London Korean Links

Covering things Korean in London and beyond since 2006

Interview: Cho Jungrae (The Singer, 2020)

I watched Cho Jungrae’s 2020 movie The Singer earlier this year online, after being told by a friend of the director that it was available on Amazon Prime. It struck me as a fresh take on the pansori movie genre: instead of telling a pansori tale more or less straight like Im Kwon-taek’s Chunhyang, it … [Read More]

Hallyu Con 2021

Hallyu Con returns to London for its second edition. There are opportunities for you to participate and share your passion in several ways. Follow the links below to find out more. Hallyu Con will be streamed from 2pm UK time on 4 September 2021 Watch on the KCCUK’s YouTube Channel or the dedicated Hallyu Con … [Read More]

LKFF 2020 announces its line-up

This is now the 15th edition of the festival organised by KCCUK. As is to be expected, this year is somewhat different, with many of the screenings taking place online. There’s plenty to enjoy in the programme. We’re particularly looking forward to Mark Morris’s selection of Mudang films. Here’s the official press release; we’ll be … [Read More]

Korean films at the 2020 BFI London Film Festival (this won’t take long)

The programme for the 64th BFI London Film Festival was announced earlier this week. As one might expect, the format is somewhat different this year. The schedule boasts “over 50 virtual premieres and a selection of highly anticipated new feature film previews … with work from more than 40 countries”. However, despite the diversity of … [Read More]

The Korean Film Archive Youtube Channel

Continuing some suggestions of what to do when you’re stuck at home… Many of you will already be aware that the Korean Film Archive has a wonderful YouTube Channel with loads of classic Korean movies, with English subtitles, available for free. Thing is, I’ve never found an index of the channel. So, over the years … [Read More]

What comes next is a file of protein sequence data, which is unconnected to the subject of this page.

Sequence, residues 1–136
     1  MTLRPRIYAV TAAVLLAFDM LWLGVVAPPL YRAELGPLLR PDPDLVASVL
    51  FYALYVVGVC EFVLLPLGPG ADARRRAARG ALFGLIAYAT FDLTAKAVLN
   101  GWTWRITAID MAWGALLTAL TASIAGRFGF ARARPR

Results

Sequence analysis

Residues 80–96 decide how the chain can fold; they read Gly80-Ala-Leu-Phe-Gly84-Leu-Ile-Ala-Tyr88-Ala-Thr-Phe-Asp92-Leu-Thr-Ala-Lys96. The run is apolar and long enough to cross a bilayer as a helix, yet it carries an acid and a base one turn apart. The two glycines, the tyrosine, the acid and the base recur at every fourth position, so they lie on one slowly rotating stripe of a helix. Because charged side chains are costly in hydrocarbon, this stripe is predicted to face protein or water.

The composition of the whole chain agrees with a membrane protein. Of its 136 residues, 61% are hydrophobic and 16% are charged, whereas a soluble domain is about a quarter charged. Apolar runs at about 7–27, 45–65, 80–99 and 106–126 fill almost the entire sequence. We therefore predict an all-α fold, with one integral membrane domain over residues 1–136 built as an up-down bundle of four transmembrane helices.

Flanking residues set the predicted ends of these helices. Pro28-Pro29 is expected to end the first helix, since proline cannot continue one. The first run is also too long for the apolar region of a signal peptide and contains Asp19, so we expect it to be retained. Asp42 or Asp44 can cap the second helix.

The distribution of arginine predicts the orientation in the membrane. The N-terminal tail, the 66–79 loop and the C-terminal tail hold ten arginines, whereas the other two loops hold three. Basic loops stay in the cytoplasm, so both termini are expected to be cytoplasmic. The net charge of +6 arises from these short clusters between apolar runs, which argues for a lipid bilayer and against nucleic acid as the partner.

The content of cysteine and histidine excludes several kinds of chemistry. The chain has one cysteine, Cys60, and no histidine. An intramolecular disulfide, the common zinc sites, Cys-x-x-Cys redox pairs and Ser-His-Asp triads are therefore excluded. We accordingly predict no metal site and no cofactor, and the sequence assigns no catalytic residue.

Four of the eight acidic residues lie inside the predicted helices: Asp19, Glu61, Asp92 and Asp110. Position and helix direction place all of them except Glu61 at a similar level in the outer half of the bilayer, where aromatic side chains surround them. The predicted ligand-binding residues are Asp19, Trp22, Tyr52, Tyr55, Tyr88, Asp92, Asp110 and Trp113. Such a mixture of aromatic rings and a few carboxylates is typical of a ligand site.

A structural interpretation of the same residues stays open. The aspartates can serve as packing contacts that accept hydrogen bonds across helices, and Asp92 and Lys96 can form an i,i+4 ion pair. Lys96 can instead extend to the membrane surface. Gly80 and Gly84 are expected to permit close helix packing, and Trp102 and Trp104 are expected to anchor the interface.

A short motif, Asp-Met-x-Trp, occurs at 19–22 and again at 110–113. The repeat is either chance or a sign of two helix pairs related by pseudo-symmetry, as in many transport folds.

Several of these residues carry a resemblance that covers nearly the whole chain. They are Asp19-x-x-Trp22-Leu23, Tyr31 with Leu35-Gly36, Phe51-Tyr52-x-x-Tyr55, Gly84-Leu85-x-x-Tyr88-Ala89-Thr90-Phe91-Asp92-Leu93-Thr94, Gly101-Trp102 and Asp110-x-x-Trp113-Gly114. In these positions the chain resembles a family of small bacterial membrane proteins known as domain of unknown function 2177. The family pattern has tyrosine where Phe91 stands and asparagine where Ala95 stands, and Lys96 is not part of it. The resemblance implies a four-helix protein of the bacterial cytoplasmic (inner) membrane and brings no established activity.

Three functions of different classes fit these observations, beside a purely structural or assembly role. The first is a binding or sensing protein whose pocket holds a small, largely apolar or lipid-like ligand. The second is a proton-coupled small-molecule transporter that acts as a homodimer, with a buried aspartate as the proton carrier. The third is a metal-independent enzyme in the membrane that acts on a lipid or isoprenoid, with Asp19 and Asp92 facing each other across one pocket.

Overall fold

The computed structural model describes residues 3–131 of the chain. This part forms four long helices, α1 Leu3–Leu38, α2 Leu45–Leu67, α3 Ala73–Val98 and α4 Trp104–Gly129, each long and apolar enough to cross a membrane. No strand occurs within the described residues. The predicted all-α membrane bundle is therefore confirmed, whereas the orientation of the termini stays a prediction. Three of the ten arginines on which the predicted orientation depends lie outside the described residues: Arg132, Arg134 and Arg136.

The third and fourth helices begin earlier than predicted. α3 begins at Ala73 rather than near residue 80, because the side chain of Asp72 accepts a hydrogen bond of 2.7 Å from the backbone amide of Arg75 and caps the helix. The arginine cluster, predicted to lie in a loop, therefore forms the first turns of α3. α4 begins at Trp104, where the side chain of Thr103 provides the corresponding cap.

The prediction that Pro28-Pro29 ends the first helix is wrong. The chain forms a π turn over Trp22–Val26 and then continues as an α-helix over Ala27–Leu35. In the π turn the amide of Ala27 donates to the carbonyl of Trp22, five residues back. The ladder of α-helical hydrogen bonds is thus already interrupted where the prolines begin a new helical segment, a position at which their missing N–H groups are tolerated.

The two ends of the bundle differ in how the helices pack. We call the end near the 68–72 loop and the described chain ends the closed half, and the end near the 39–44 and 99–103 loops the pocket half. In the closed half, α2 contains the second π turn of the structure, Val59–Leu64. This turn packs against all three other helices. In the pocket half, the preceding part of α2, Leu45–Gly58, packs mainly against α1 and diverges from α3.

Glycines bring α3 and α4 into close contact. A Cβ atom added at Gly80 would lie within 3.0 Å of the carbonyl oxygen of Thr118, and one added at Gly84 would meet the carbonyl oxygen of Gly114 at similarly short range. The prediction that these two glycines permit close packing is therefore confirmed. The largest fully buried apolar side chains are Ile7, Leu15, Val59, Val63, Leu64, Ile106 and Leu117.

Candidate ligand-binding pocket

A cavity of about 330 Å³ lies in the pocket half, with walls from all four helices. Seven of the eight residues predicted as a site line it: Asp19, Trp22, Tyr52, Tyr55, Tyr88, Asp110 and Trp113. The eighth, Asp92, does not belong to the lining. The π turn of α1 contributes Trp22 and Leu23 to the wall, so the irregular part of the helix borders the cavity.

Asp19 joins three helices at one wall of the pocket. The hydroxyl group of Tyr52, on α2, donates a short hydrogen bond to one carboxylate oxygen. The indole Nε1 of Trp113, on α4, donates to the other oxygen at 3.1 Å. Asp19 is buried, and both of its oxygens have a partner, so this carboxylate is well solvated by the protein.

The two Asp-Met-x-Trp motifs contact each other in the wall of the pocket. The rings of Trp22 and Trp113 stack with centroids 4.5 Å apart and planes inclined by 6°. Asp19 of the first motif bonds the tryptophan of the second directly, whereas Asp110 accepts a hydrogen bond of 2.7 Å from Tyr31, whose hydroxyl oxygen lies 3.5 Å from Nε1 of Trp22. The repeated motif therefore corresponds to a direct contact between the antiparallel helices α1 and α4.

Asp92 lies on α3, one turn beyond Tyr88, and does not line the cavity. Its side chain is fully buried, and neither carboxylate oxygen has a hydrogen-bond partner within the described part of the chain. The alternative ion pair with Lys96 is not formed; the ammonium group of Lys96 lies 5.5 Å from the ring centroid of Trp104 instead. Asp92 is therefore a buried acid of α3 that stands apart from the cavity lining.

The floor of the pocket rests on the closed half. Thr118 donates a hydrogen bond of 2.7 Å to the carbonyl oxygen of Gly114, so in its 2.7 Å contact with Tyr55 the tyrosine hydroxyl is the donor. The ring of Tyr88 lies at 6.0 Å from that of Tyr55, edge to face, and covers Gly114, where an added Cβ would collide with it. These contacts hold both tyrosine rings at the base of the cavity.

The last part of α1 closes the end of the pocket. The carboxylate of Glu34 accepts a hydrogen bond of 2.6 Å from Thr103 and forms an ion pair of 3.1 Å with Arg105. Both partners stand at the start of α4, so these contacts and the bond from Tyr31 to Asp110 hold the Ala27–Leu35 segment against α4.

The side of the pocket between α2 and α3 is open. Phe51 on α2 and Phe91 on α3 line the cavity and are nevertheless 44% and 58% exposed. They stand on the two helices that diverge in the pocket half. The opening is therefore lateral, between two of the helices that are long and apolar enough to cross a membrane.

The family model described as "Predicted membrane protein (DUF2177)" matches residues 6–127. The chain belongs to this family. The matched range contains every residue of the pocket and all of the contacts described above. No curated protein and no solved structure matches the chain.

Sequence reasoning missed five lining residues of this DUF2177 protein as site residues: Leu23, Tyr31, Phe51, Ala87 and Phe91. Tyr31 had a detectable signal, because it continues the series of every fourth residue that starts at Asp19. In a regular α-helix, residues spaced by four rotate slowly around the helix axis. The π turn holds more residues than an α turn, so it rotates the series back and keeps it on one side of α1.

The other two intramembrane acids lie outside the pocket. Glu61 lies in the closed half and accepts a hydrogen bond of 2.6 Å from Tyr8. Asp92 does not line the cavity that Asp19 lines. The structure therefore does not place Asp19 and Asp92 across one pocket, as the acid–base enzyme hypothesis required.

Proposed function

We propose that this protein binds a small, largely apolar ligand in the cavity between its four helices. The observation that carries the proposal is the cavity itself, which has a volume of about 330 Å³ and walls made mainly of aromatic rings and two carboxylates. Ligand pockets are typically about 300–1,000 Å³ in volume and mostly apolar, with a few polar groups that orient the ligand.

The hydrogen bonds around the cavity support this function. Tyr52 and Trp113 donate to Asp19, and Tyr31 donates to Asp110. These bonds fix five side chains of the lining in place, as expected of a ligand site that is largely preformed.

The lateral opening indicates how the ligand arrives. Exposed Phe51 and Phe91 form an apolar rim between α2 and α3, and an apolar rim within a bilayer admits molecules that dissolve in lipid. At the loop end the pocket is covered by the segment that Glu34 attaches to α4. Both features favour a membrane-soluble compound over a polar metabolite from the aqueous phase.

Bong Joon-ho makes Oscars history

We almost feared that he had jinxed himself with that comment about the Academy Awards being “very local”. The comment, made in an interview with Vulture in October 2019, was made in the context that it’s “not a big deal” that a Korean movie had yet to be nominated for an Oscar (the nominations for … [Read More]

Recently published books on Korean film

Having done my list of upcoming fiction titles, I’ve been working on a similar list of upcoming non-fiction. But in compiling the non-fiction list I’ve identified several titles that slipped under the radar towards the end of last year. Three of them relate to film. No doubt, following all the buzz about Parasite, there will … [Read More]

Kim Un-su interviewed in Korea Times

Anna Jiwon Park has a good interview with Kim Un-su (author of The Plotters, among other things) in the Korea Times this week. It’s a nice leisurely two-page read for the Weekender section, clocking in at 3,000 words. Park has an engaging conversation with him, and makes an interesting observation: His books not only have … [Read More]

Bong Joon-ho’s Parasite wins Palme d’Or

Bong Joon-ho’s Parasite (기생충) is the first Korean film to take the Palme d’Or – the top prize – at the Cannes Film Festival. The awards were announced last night, 25 May. Announcing the 2019 CST Artist-Technician Prize, the Jury also noted Lee Ha-jun’s outstanding work as Artistic Director on the movie. According to Arirang … [Read More]

BFI, KOFA and KCCUK announce archive exchange

Something to look forward to in February 2019: BFI, KOFA and KCCUK announce archive exchange to mark the centenary of the birth of Korean cinema More than ten of Korea’s oldest surviving films to screen to UK audiences for the first time in February 2019 at BFI Southbank and the KCCUK BFI restorations to show … [Read More]

A quiet look at the LKFF’s 2018 programme

The London Korean Film Festival returns for its 13th edition next month with a slightly quieter tone than in some previous years. And there’s nothing wrong with that. It’s as if the organisers are saying that, as the festival enters its teenage years, the audience is becoming grown-up enough not to require a diet of … [Read More]